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J Soc Gynecol Investig. 1994 Jan-Mar;1(1):25-30.

Magnesium sulfate treatment decreases N-methyl-D-aspartate receptor binding in the rat brain: an autoradiographic study.

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Department of Obstetrics and Gynecology, Wayne State University, Hutzel Hospital, Detroit, MI 48201, USA.



We determined the effect of peripherally administered magnesium sulfate on N-methyl-D-aspartate (NMDA) receptor binding capacity in various regions of the rat brain.


Three separate experiments were performed. 1) Six rats were injected intraperitoneally with 270 mg/kg of magnesium sulfate, followed by 27 mg/kg every 20 minutes for 4 hours; controls (n = 6) received saline. 2) Six rats received intraperitoneal injections of magnesium sulfate (270 mg/kg) every 4 hours for 24 hours, while six received saline. 3) Six rats received intraperitoneal magnesium sulfate (270 mg/kg) every 12 hours for a total of 2 weeks, and six received saline. Rats were subsequently perfused and sacrificed, and their brains were dissected, rinsed, and frozen. Cryostat sections were taken, labeled by in vitro [3H]-CGP 39653, assayed autoradiographically, and mounted on Ultrofilm for 4 weeks. Optical density measurements of binding on each section were performed using an image analyzing system. Eleven brain regions were sampled: 1, 2) frontal and occipital cortex; 3-7) hippocampus--CA-1, CA-3, stratum radiatum, stratum oriens, dentate gyrus; 8) thalamus; 9) hypothalamus; 10) caudate nucleus; and 11) cerebellum.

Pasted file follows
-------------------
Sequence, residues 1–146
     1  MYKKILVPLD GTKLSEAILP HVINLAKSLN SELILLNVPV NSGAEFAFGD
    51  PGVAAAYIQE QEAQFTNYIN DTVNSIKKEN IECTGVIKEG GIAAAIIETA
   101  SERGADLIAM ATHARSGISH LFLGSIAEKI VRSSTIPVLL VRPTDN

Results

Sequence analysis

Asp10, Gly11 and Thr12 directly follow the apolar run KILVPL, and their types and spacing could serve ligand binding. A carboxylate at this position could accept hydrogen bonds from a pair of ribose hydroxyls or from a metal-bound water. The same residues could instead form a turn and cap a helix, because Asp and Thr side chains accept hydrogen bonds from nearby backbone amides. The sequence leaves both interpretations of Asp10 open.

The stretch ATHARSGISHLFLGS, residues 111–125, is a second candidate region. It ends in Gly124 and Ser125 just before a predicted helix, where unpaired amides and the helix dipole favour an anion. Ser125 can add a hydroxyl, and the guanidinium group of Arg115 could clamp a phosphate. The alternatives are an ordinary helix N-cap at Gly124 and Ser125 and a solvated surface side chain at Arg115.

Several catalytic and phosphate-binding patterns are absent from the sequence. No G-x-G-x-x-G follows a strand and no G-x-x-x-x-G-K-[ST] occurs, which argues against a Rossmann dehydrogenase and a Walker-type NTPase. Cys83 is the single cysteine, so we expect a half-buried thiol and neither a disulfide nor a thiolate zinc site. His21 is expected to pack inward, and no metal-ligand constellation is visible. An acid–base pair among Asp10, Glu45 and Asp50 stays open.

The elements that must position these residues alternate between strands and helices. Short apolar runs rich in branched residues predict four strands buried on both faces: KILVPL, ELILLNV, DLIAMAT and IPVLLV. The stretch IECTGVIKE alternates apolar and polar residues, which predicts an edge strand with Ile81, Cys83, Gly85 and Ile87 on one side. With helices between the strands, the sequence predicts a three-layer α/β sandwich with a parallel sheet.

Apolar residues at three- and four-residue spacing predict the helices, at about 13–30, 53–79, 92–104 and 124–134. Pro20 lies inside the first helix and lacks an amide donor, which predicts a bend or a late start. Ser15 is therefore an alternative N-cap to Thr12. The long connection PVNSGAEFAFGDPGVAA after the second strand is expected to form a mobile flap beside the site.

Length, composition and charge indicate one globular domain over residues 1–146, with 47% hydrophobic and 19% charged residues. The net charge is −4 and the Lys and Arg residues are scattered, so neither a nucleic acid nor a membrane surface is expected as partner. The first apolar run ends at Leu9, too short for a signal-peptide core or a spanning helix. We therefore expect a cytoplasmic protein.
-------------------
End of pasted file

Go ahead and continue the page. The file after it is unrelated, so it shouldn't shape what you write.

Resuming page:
The NMDA receptor binding density in the hippocampus was significantly higher than in all other brain regions in all three experiments. In experiment 1, there was no significant effect on NMDA receptor binding. However, prolonged systemic administration of magnesium sulfate for 24 hours resulted in significantly reduced [3H]-CGP binding in all brain regions sampled. After chronic magnesium sulfate administration (2 weeks), the [3H]-CGP binding was still reduced in the cortex and some regions of the hippocampus; however, there was no significant change in other regions.


Peripheral treatment with magnesium sulfate results in a significant reduction in the NMDA receptor binding capacity in the rat brain. These results support the hypothesis that magnesium central activity is mediated, at least in part, via the NMDA receptor.

[Indexed for MEDLINE]

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